Social networking is a cornerstone of digital communication and easily maneuvered by young people who connect digitally with great regularity. This makes for a unique opportunity to connect with young people – and yet can also be a source of great frustration. When Facebook, for example, occupies so much of young people’s time, can classroom teachers and scholars make use of it as a research and teaching tool? Should social networking, and Facebook in particular, become part of a comprehensive media literacy curriculum? This workshop is designed for classroom teachers and scholars who want to make better sense of – and use of – digital communication with young people.
Young people appear to be linked in almost constantly; they update and provide minute-by-minute details of their activities; they say ‘good morning’ and ‘good night’ to Facebook. Facebook feels like open terrain for self-expression, but examined through the lens of political economy, there are strict boundaries young people are not invited to see. Facebook has helped shift grammar, colloquialism and writing styles, understandings of ‘private’ and ‘public’ and connections to corporate conglomerates. Can a thorough understanding of Facebook and its connection to a corporate media culture provide young people with a more nuanced understanding of their activities? The inclusion of Facebook into the classroom neither punishes nor celebrates young people’s pleasure in social networking, but rather, provides a more complex, comprehensive understanding of what feels like (but is not) free space. This workshop engages directly with teachers and scholars, providing lesson plans and training to bring social networking into various classrooms and cultivate a greater awareness of complexity of digital communication.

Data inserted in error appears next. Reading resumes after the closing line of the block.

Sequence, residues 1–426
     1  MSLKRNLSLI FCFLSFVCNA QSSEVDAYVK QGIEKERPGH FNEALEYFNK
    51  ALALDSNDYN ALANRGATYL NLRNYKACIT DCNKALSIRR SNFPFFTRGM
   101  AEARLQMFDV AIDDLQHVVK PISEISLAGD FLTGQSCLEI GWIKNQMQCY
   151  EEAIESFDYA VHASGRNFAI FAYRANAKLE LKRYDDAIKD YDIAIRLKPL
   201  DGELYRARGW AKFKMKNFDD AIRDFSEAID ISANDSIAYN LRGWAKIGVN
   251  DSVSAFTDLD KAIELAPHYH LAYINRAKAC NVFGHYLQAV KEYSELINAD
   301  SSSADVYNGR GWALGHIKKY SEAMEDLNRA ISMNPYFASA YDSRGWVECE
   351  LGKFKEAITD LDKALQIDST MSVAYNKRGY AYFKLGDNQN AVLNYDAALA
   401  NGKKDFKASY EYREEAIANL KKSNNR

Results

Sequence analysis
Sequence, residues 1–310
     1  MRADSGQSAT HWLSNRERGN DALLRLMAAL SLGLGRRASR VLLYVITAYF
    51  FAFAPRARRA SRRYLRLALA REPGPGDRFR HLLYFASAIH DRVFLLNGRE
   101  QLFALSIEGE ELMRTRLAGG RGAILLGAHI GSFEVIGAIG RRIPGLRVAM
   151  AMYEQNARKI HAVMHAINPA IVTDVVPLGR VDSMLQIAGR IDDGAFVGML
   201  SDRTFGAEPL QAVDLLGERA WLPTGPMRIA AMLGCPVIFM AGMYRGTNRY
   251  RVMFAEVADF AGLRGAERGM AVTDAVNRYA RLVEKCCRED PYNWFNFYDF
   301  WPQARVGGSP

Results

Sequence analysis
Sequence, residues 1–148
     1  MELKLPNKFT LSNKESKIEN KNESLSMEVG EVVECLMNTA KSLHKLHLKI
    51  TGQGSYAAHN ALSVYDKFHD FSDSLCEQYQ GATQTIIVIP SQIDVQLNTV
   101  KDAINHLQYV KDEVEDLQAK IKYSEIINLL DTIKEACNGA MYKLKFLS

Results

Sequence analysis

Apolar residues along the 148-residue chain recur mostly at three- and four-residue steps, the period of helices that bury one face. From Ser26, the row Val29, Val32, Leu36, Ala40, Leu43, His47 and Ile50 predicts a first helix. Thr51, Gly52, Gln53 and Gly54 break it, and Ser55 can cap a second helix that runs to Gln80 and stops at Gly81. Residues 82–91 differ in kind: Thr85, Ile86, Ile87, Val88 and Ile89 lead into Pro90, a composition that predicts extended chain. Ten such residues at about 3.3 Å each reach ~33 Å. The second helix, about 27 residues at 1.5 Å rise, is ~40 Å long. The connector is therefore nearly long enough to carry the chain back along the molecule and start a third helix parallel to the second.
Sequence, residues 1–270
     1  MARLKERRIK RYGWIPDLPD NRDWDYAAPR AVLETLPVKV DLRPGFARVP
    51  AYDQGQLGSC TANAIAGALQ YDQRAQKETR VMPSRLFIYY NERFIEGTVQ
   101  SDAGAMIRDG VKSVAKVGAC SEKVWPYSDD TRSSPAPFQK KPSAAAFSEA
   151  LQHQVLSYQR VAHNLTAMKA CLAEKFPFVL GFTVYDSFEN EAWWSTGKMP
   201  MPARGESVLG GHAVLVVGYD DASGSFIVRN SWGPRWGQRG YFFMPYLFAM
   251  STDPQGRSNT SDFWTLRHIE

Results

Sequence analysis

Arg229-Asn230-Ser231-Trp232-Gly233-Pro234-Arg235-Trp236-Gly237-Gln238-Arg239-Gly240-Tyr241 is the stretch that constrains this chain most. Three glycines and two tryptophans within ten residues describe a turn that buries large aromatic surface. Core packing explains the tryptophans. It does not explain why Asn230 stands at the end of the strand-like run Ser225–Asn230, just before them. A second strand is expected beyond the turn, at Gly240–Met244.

|Keywords:||Media Education, Social Networking, Urban Education, Qualitative Research, Alternative Curricula, Teacher Training, Curriculum Development|
Independent Scholar, Easthampton, Massachusetts, USA